The microcosmic perspective of our analysis also allows focusing on the affects of employment on a local level - an analysis most suitable for operators and developers. If we turn our attention to Houston, for example, we see a 92% correlation between Houston nonfarm payroll and Extra Space Storage’s (EXR) occupancy. The occupancy of EXR’s Houston locations have moved in tandem with Houston’s nonfarm payroll. As the chart clearly demonstrates, the decrease in nonfarm payroll since 2015 has had an impact on the decline in demand, and the recent upswing in demand also moves in tandem with nonfarm payroll.
Our aim is not to throw out the population metrics entirely, as they are well suited for developers and acquirers alike for reasons that deal with analysis and absorption of new supply. Given the success of the industry, many facilities are ‘over-earning’ - allowing the expansion of footprint by building new developments at the expense of price while still producing attractive returns.
As we look at the overall growth of the industry, however, we are convinced that the demand framework must evolve from its current analysis measuring population and move towards tracking migration. Tracking nonfarm payrolls’ and labor force flows’ movements should be at the forefront of the monthly sector overview meetings for all investors, operators, and developers alike. Gaining a clearer understanding of migration will lead to superior investments in the sector based on statistical measures which in turn will lessen the probability of over-supply. The sector’s correlation to these labor statistics is evident and makes labor force flows and nonfarm payrolls viable metrics to understanding the sector’s drivers.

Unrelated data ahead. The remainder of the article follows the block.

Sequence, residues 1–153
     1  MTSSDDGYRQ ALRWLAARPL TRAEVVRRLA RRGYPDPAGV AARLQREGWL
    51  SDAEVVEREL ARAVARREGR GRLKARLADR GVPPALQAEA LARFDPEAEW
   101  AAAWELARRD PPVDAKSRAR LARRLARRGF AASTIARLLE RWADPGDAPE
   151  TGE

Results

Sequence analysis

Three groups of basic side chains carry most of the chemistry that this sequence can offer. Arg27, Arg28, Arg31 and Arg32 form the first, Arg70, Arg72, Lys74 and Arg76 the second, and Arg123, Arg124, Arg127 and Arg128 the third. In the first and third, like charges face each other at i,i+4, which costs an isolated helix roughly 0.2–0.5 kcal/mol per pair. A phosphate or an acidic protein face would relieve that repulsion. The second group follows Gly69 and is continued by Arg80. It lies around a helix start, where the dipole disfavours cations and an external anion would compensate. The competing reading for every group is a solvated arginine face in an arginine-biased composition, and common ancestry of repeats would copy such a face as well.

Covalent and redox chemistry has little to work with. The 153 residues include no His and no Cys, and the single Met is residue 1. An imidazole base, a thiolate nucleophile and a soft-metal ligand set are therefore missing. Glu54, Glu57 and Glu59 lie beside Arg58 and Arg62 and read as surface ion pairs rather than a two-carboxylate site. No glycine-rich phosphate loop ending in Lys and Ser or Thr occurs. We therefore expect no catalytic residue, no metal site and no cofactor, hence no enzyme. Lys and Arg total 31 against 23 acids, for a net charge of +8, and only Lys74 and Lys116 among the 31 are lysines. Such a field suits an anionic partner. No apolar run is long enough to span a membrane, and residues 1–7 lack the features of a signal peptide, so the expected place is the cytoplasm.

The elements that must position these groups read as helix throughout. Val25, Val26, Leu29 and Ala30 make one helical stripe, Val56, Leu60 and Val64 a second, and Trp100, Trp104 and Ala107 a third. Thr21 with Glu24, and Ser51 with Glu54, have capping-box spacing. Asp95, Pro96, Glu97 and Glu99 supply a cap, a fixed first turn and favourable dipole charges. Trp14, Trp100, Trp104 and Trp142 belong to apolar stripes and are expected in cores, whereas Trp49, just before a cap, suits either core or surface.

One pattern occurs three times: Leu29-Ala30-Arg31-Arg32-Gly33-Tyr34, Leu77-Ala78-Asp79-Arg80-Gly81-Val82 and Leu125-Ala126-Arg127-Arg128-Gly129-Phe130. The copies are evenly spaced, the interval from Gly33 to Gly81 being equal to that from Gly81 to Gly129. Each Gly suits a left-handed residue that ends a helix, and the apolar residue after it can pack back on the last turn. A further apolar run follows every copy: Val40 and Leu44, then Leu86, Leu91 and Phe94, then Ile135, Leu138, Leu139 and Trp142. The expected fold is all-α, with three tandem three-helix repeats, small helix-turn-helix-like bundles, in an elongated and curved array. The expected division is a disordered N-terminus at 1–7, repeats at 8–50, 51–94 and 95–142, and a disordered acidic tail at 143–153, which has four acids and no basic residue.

To help our clients prepare for the industry’s regional change in demand, we track the public REITs specific exposure to monthly payroll growth. These trackers allow for more granular analysis of investments and are provided in real-time through our Advocate software platform. To be added to our Advocate distribution list, please fill out the Custom Payroll Report.